While I did not know her personally, what I have heard about her shows what a positive, constructive and innovative contribution she made to public life in Ireland and in the Oireachtas. I note Senator O'Sullivan was quoted in the Irish Examiner as saying she had huge integrity. That is a wonderful tribute to be paid to anyone. To her family, friends and her colleagues, I extend my deepest sympathies and those of the Fine Gael Party. May she rest in peace.

I extend condolences from the Independent benches to the former Senator Kit Ahern's family and party. I never served with her but knew her quite well. She was a pleasant woman and a great conversationalist. She never visited the House without going out of her way to speak to any of us with Kerry connections or from Kerry. I used to always tell her, like I tell all people from that part of west Limerick, that they know they are really Kerry people even though their address might be west Limerick.

She spread her wings quite well and her bloodline has had a significant impact on Kerry's status. Her great nephew "Bomber" Liston brought great silverware to Kerry and her cousin, Senator O'Sullivan, is continuing the name and operation of Kit's family in politics.

She was born in Athea but we always associate her with Kerry. We pay tribute and recognise the work she has done in this building, be it the Dáil or Seanad. Anybody who puts himself or herself forward for public representation is engaged in the highest area of activism in a democracy. Regardless of his or her party or views, I always recognise and salute that, and we should do that.

More importantly in the case of this woman, she was a role model as a community activist. She was involved in everything in her community and in the development of the ICA, in particular, in which she reached high office. She made her contribution at local level, including in the ICA, but also in every local association, organisation and club. She was a member of a county council and had a commitment to local community. She also served in Dáil Éireann and Seanad Éireann. It is people like her who become role models for young people. It is to people like her we should refer as teachers in terms of people's responsibilities in a democracy. Their responsibilities are not only to receive but to give. While we might agree or disagree with some of the measures she proposed along the way, her commitment is the requirement and responsibility or being a citizen in a democracy and must be much prized and supported. As a teacher she made her contribution, which I recognise.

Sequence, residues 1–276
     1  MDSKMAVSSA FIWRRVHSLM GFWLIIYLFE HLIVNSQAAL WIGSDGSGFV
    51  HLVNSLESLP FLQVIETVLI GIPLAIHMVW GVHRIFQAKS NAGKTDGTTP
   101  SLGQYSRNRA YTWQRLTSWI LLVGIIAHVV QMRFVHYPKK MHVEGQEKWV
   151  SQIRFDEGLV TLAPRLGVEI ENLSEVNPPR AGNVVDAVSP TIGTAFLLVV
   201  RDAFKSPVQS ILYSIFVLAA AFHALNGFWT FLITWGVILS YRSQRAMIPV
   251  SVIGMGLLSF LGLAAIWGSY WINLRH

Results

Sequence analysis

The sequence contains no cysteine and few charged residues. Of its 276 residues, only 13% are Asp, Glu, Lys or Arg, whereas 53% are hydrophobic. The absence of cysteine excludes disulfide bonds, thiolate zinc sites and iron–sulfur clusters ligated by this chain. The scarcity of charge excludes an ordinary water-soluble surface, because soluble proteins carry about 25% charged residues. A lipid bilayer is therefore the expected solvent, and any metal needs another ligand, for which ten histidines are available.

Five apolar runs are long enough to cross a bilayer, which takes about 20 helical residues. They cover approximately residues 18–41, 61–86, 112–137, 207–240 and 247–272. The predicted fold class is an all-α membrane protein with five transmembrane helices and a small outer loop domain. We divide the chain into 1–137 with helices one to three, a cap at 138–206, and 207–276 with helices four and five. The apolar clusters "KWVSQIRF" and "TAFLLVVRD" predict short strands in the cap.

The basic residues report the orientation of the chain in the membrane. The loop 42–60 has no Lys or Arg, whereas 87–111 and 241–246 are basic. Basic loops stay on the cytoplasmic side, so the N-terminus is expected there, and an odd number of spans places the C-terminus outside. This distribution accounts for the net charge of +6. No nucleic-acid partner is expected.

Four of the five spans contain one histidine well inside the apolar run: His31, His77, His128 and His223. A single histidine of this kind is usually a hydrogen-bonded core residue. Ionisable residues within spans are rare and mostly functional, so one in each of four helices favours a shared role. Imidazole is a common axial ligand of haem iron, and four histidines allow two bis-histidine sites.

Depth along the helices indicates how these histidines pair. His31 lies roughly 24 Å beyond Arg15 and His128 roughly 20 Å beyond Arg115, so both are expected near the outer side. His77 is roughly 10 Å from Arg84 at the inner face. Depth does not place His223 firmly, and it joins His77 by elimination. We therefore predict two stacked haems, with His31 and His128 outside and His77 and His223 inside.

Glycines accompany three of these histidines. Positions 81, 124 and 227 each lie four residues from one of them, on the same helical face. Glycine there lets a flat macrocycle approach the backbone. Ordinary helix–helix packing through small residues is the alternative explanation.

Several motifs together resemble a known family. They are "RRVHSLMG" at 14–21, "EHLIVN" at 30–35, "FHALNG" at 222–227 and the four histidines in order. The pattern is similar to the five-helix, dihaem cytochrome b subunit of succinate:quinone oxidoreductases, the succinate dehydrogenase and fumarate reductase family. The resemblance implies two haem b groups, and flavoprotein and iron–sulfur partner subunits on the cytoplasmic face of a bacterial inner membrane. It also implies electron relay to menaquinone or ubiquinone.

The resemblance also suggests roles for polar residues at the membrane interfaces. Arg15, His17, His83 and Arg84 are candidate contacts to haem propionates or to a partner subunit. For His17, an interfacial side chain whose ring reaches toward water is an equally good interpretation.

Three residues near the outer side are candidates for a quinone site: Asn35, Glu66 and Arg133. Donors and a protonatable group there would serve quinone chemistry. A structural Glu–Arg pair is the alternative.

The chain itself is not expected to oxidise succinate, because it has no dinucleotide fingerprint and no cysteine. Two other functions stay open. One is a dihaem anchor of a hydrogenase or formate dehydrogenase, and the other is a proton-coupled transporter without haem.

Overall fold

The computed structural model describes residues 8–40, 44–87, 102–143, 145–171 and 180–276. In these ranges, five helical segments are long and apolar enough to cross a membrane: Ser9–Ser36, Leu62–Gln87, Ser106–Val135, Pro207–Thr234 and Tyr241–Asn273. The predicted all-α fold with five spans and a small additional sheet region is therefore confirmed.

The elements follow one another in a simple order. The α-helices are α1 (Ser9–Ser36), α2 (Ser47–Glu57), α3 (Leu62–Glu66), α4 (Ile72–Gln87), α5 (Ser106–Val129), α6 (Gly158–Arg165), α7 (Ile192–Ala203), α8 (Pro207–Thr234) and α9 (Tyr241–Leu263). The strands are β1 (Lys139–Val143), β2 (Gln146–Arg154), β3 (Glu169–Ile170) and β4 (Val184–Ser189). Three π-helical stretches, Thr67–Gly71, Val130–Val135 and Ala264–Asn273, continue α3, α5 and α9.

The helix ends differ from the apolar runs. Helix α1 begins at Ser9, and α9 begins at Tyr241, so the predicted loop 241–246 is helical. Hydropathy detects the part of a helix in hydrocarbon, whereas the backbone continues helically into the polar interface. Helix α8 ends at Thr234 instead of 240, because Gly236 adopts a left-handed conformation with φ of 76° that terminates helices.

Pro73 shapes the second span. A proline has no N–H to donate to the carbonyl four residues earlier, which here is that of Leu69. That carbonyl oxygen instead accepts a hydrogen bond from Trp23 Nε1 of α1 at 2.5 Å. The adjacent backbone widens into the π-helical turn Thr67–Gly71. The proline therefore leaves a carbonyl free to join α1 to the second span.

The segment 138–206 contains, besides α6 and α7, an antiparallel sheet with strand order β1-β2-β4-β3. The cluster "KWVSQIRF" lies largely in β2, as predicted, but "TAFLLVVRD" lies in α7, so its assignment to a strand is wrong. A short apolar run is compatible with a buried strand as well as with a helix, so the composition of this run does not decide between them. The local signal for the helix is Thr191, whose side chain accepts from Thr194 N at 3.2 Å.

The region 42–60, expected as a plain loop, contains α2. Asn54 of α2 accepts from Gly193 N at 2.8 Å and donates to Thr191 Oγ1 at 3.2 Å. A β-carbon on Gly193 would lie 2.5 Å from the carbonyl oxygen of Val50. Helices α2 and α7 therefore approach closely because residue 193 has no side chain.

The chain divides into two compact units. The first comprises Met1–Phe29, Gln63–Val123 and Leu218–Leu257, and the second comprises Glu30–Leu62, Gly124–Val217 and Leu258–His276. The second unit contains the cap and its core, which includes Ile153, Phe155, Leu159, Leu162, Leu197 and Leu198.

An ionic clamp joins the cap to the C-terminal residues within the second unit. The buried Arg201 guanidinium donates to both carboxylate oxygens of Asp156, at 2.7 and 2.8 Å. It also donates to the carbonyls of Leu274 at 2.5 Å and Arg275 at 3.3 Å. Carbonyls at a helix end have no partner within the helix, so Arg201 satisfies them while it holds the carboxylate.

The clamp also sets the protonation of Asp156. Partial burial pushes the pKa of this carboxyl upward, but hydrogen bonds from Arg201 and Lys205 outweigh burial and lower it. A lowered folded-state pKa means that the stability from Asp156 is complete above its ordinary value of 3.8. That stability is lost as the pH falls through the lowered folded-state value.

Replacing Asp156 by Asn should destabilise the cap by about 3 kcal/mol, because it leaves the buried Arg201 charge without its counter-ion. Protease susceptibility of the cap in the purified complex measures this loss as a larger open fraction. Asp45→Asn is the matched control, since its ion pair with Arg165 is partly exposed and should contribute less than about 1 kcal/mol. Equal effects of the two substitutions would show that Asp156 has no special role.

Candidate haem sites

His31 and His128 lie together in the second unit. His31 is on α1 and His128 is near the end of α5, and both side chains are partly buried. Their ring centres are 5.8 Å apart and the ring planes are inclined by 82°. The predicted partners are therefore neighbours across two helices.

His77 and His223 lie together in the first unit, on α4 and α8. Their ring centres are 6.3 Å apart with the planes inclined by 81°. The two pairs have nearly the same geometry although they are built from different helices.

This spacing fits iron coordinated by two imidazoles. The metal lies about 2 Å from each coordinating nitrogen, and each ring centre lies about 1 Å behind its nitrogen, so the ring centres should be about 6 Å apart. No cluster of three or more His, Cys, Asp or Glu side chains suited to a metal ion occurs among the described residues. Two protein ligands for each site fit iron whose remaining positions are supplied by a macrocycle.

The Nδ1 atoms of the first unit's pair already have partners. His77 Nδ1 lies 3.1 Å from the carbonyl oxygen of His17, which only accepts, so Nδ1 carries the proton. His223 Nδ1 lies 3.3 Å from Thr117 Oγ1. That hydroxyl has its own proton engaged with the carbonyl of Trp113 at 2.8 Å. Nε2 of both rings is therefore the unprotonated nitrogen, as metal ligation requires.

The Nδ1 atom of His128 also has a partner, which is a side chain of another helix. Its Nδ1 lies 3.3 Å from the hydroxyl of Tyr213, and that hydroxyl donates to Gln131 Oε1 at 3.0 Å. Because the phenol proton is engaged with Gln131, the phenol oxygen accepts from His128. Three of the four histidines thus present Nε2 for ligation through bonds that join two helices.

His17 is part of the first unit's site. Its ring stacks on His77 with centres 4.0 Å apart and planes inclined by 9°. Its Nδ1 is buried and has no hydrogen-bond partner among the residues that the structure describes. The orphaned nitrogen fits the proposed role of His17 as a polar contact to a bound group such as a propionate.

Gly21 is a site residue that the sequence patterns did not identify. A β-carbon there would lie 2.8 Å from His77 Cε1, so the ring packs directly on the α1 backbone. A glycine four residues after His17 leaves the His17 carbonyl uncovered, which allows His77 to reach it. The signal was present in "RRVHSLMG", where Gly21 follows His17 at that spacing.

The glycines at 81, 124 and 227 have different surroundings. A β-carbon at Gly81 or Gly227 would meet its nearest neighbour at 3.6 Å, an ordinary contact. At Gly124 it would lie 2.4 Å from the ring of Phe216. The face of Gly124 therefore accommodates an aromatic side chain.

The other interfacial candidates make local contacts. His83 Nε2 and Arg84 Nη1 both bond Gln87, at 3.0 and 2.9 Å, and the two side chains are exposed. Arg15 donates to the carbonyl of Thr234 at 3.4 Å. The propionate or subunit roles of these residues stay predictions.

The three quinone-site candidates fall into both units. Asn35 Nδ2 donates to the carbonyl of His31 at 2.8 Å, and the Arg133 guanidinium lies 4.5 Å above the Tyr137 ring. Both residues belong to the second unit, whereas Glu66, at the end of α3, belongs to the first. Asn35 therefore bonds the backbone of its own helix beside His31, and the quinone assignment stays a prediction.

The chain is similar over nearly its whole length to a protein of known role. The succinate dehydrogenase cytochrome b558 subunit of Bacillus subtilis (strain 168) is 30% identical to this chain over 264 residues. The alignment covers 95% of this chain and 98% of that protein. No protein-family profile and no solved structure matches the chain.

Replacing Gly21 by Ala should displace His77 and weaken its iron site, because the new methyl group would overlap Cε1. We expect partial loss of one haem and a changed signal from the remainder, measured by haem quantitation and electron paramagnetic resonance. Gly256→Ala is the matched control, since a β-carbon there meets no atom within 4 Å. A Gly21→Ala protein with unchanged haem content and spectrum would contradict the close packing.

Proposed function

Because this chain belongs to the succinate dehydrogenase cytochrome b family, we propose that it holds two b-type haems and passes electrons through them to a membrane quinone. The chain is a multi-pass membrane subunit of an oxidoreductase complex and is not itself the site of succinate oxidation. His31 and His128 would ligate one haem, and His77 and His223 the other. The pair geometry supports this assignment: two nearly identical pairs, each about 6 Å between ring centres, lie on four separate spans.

I recognise, salute, and pay tribute to a woman who made a contribution as a teacher, in her local community, county, Dáil Éireann and Seanad Éireann. We can ask no more of a citizen. Ar dheis Dé go raibh a anam.

I would like to add my voice and that of the Labour Party to the tributes that have been paid to the former Senator and Deputy Kit Ahern.

I was struck by a point made by Senator Harris, with which I strongly agree, that there is a tendency in our public debate and discourse to almost to write off people at a relatively young age or increasingly at a younger age. In particular in political life, it is important to recall and pay tribute to the enormous contribution of somebody like the former Senator Ahern who joined a new political party at the age of 70. In an age when it is often suggested that politics is an ephemeral entity or is purely characterised by media spin, it is vital that we recall and pay tribute to the enormous contribution of somebody like the former Senator Ahern over many years, not only directly in political life but through the ICA, an extraordinary organisation with huge history and record of public service, as referred to by Senator Fitzgerald and others.